Lest any of you forget that whole “gatekeeping thing,” the 11th reminds us by affirming Judge Moore in a case where an otherwise well-respected, accomplished, and qualified expert offered an opinion that was not deemed reliable either as to general or specific causation. Here’s a key passage on the expert’s flawed “differential diagnosis” methodology:
Kilpatrick is correct that differential diagnosis itself has been recognized as a valid and reliable methodology. But that is not the issue about which the district court found fault. Rather, the district court found that Dr. Poehling’s application of this methodology was flawed. In order to correctly apply this methodology, Dr. Poehling must have complied a comprehensive list of potential causes of Kilpatrick’s injury and must have explained why potential alternative causes were ruled out. However, Dr. Poehling only ruled out two causes – thermal energy and gentian violet contrast dye. He clearly testified that he could not explain why potentially unknown, or idiopathic alternative causes were not ruled out. Dr. Poehling also admitted that neither he nor anyone else in the medical community “understands the physiological process by which [chondrolysis] develops and what factors cause the process to occur.” Thus, the key foundation for applying differential diagnosis was missing, and based on these deficiencies, the district court found that Dr. Poehling failed to apply the differential diagnosis methodology reliably.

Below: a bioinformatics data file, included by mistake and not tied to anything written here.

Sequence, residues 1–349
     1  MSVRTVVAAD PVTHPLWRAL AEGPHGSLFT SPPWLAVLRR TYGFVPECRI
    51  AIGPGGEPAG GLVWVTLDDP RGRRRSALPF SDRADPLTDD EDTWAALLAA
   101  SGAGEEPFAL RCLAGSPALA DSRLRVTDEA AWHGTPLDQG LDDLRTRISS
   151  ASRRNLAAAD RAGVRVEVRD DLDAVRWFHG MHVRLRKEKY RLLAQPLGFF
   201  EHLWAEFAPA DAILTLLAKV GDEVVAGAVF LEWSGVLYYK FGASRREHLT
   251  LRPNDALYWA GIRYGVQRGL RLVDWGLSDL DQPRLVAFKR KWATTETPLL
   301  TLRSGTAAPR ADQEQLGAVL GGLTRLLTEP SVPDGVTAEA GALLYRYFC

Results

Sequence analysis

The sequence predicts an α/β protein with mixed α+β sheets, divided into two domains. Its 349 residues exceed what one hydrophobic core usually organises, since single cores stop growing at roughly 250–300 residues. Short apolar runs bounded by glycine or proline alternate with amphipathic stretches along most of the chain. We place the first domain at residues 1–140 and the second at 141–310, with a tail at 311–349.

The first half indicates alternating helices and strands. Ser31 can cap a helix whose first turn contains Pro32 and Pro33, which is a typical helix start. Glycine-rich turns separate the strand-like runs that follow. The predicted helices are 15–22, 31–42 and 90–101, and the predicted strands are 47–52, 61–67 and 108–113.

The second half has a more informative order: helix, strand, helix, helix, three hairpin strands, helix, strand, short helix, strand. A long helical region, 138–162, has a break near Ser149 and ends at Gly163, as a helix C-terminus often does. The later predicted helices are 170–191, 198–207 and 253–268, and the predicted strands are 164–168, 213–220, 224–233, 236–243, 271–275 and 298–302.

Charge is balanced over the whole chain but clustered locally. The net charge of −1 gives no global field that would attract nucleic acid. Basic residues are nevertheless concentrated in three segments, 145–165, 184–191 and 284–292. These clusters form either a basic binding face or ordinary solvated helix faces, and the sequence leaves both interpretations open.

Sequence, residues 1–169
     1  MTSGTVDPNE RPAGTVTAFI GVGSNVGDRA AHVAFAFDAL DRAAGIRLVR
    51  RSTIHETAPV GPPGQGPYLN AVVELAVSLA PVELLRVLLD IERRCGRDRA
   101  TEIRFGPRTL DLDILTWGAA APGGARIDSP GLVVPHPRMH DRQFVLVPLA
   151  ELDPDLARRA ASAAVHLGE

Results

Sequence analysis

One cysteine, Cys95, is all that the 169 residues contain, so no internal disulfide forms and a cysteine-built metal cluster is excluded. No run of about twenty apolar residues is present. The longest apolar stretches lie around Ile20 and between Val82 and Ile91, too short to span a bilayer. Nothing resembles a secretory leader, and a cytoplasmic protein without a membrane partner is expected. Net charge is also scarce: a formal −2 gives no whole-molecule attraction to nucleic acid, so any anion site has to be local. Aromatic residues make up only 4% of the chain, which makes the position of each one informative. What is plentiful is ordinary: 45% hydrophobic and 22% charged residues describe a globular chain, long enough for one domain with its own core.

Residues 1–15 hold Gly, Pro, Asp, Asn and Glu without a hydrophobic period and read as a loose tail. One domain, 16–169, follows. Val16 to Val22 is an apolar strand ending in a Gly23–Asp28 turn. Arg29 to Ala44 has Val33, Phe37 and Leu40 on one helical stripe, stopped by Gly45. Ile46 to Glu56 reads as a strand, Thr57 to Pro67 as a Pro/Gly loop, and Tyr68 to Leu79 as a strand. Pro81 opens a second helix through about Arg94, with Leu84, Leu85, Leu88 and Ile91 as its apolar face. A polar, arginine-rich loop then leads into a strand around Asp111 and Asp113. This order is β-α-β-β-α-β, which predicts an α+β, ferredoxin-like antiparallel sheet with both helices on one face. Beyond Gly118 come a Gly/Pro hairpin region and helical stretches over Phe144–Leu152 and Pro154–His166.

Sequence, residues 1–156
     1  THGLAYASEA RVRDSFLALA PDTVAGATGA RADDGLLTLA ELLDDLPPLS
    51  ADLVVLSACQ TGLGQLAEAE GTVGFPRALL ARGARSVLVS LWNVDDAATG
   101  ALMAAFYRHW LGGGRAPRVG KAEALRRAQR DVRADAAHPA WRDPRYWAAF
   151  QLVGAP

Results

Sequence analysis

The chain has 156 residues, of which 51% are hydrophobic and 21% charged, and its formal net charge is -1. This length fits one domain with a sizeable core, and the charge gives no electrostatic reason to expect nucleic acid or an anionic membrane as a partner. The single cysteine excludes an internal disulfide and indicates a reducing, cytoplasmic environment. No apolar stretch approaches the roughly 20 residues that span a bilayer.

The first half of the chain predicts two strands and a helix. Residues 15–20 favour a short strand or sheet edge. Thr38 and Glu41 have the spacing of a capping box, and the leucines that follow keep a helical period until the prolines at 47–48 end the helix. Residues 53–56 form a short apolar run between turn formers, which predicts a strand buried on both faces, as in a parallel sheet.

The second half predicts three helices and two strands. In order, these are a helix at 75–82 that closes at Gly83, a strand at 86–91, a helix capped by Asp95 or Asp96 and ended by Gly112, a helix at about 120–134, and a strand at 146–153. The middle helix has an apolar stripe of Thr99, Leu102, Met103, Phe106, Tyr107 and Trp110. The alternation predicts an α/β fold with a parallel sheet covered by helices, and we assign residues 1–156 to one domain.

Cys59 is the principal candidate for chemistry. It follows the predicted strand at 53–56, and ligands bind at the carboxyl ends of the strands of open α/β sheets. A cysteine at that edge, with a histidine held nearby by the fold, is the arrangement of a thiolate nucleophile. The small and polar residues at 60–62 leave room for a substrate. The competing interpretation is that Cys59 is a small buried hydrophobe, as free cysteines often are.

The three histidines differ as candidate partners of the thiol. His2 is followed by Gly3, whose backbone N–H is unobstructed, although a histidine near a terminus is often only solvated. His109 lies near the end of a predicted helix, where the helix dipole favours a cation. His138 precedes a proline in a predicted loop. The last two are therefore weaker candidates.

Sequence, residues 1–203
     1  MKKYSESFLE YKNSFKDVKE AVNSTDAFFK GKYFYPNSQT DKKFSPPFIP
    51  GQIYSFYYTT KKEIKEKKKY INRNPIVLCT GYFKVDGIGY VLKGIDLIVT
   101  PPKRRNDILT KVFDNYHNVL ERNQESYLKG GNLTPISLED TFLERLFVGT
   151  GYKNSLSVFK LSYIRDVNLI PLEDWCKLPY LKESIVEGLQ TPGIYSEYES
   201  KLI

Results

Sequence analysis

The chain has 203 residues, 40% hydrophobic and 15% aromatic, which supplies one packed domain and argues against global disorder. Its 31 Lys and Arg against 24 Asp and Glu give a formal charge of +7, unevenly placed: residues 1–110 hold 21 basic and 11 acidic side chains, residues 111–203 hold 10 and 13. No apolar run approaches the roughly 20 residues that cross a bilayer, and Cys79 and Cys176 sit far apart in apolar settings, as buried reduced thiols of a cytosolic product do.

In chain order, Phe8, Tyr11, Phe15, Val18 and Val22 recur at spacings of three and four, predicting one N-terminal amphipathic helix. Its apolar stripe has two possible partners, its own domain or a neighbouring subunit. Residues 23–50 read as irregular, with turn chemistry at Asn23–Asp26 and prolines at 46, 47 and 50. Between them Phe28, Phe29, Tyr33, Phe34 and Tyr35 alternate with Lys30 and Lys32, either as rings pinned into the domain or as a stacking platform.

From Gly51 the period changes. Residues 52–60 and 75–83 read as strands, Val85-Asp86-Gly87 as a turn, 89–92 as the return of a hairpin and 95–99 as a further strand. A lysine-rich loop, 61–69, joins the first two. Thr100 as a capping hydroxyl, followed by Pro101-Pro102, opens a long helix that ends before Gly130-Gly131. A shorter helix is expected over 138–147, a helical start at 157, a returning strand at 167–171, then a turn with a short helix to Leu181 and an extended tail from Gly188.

Why doesn’t the darn doc just do some good, old-fashioned epidemiological studies? Oh yeah, there is this:
Kilpatrick’s argument that conducting any epidemiological studies would be unethical, because it would require the potential destruction of a person’s shoulder cartilage, has some merit.
I’m not seeing the problem.